James initially graduated in Chemistry from the University of Bath where he worked on the electrochemistry of Iron Haematite nanoparticles and researched Biological Fuel cells, supervised by Professor Frank Marken. Subsequently, moving to the University of Birmingham to study a Masters in Research within the department of Chemical Engineering; studying the electrochemistry, reaction kinetics and commercial use of recycled Platinum group metal nanoparticles within Biofilms, supervised by Professor Lynne Macaskie. James has also completed research projects into the electrochemistry of free-cell supported bio-nanocatalysts, the electrochemistry of the Oxygen Reduction Reaction (ORR), the fabrication of Gas Diffusion Electrodes (GDEs) and Catalyst Coated Membranes (CCMs) using the inkjet, screen-printing and autonomous spraying techniques as well as novel electrochemical investigation techniques within proton exchange membrane fuel cells.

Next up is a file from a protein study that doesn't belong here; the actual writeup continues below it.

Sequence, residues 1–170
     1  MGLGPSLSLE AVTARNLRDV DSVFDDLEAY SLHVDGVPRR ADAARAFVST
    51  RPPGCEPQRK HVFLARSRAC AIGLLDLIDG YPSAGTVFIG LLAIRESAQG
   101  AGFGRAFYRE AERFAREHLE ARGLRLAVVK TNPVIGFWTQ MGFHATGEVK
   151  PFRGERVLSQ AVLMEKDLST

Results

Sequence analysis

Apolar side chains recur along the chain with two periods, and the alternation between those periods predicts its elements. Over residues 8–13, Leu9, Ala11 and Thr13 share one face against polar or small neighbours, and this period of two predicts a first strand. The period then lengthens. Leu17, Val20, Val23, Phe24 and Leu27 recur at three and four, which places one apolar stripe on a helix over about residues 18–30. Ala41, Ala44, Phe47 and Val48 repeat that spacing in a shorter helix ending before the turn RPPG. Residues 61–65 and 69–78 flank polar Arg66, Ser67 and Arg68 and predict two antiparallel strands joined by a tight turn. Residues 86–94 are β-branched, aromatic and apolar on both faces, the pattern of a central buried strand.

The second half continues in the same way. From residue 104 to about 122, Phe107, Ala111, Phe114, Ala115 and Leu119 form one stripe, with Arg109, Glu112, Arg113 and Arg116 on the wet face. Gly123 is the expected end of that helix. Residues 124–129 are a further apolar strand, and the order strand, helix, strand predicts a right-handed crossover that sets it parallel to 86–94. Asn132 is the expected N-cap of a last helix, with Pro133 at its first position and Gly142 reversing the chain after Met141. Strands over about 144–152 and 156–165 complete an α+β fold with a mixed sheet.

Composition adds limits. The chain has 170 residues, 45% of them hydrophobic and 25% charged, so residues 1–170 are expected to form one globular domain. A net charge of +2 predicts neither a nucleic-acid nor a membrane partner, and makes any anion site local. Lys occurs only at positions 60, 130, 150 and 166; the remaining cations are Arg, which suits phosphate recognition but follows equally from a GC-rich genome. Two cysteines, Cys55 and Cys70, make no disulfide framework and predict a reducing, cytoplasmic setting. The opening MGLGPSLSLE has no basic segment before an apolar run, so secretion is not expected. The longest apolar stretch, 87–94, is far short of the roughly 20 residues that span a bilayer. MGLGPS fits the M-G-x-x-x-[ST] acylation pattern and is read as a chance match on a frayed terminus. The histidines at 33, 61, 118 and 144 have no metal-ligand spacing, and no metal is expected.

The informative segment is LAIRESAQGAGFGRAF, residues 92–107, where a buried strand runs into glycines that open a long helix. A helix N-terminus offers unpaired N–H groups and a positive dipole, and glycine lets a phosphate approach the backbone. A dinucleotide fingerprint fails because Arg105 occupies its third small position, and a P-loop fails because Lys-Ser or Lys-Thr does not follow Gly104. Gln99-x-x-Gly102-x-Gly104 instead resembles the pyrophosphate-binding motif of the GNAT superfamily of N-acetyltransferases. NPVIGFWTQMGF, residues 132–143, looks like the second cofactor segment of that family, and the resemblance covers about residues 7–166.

James then completed his PhD at the University of Birmingham in the study of redox active species within liquid catholyte proton exchange membrane fuel cells and the novel electrochemistry exhibited within this environment as a viable and commercially advantageous solution to conventional proton exchange membrane fuel cells.
Since completing his PhD, James has worked within academia and industry, conducting research and managing innovation teams as well as establishing and leading a design collective into sustainable solutions in design. A keen surfer, environmentalist and doer, he is constantly looking for collaborations and partnerships to solve the world's issues.